In Defense of American Food

Posted in Food on Jul 07, 2010

As an American living abroad, I’ve gotten used to hearing people’s unprompted opinions about the US.  I’ve heard the good (Americans are so optimistic!), the bad (Americans are destroying the planet with their SUVs!) and the totally silly (Americans always wear white sneakers!) 

I usually don’t pay much attention to the sweeping generalisations made about a nation of 380 million people- some of who do wear glaringly white sneakers, drive Hummers and look on the bright side.  But, occasionally someone will say to me “There’s no such thing as ‘American’ food. Americans only eat fast food.”  And, well… that one just pisses me off. 

America has an amazing food culture.  Those willing to look beyond the drive-thrus will find a wealth of distinct, local culinary habits.  The South has soul food like fried chicken and collard greens and grits.  The North East has clam chowder and lobsters and grinders.  The South West has Tex-Mex.  Nebraska has steak.  North Carolina has barbeque.  Chicago has pizza.  Seattle has coffee. 

One of my personal favourite food cultures in America is found in Louisiana.  Proper Cajun food is a uniquely American delight.  A fusion of rustic French techniques, local produce and African influences, Cajun food is a great example of how cooks adapted old methods to make something new and truly American.  A melting pot cuisine, if you will.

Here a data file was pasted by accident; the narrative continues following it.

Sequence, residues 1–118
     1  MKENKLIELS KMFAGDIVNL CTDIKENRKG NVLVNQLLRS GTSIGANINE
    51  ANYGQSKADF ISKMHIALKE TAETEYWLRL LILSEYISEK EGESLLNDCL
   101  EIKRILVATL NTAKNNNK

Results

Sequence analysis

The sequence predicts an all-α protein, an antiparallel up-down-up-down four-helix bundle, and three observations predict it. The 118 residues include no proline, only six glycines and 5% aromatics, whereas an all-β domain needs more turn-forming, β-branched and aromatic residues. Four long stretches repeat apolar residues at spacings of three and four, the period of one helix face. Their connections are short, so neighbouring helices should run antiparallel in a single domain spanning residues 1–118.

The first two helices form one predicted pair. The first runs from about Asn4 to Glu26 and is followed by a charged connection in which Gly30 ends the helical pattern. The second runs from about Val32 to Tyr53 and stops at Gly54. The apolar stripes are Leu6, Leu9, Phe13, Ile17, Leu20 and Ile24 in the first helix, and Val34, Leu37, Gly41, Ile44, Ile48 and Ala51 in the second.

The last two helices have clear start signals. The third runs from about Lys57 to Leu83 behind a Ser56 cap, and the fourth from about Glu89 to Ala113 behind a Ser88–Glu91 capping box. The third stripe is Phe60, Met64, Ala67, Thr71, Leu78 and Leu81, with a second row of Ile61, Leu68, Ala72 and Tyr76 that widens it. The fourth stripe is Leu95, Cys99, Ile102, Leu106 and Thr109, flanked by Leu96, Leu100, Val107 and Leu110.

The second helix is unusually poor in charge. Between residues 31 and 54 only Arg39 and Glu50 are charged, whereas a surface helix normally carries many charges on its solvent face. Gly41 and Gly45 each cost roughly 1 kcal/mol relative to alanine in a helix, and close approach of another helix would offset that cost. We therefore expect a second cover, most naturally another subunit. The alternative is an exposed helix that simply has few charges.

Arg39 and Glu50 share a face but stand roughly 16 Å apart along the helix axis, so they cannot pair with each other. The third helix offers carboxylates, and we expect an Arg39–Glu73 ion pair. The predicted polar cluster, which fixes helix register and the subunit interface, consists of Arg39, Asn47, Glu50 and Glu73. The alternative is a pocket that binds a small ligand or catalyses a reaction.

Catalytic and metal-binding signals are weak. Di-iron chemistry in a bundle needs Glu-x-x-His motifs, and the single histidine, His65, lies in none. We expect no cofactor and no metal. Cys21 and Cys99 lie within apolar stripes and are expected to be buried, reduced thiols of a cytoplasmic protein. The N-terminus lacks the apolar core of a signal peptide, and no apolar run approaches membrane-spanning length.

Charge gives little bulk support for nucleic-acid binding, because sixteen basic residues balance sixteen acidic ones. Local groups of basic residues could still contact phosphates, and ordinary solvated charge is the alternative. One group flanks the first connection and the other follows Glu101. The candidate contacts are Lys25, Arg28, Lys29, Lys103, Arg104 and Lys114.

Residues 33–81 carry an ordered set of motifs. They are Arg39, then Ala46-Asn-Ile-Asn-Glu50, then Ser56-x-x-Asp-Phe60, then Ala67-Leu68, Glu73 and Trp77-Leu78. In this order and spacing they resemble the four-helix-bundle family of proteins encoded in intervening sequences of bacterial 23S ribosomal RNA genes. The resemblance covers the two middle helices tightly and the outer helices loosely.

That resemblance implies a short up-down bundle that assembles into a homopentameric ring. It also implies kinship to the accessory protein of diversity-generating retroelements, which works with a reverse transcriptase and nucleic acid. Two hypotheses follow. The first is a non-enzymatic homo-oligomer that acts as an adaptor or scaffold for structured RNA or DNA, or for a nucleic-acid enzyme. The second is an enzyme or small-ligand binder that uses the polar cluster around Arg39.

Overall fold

My husband is from Georgia and was raised on proper Southern food like sweet tea, biscuits and gravy and fried pork chops.  But, his favourite American food is easily Cajun food.  He loves dirty rice and gumbo and crawfish.  And, he makes a mean jambalaya.  Richly flavoured and spicy, his jambalaya is enough to make me feel sorry for those who think that America has no more to offer the culinary world than fast food.  Those people are missing out on a whole nations worth of deliciousness. 

Andy’s Jambalya

Serves 6

600 grams (1 ¼ lbs) chicken breast
500 grams (1lb) spicy sausages
1 large brown onion
2 stalks celery
5 cloves garlic
3 spring onions
¼ cup vegetable oil, plus more for sautéing
¼ cup plain flour
2 tbs Cajun seasoning* (or more if you want your jambalaya very spicy)
2 cups chicken stock
2 cups pureed tomatoes (we used a jar of tomato passata)
500 grams (1lb) prawns
200 grams (a little less than ½ lb) okra
3 cups cooked long-grain white rice- to serve
chopped parsley- to serve

Chop the chicken into bite sized pieces.  Remove the sausages from their casings and break the sausage meat up into bite sized pieces. 

Add about a tsp of vegetable oil to a large heavy pan and place the pan over medium heat.  Brown the chicken in the oil.

While the chicken is browning, dice the onion, chop the celery into small pieces and mince the garlic and the spring onion.  Once the chicken has browned well, but is not cooked all the way through, remove the chicken from the pan and keep it in a bowl to the side. 

Add another tsp of vegetable oil, the onions and the celery to the pan.  Fry the onions and celery for 10-15 minutes, until they are soft and translucent.  About a minute before the onions and celery are done, add the garlic and the spring onions to the pan.  Stir well.  Remove the onions, celery, garlic and spring onions from the pan and keep in a bowl to the side.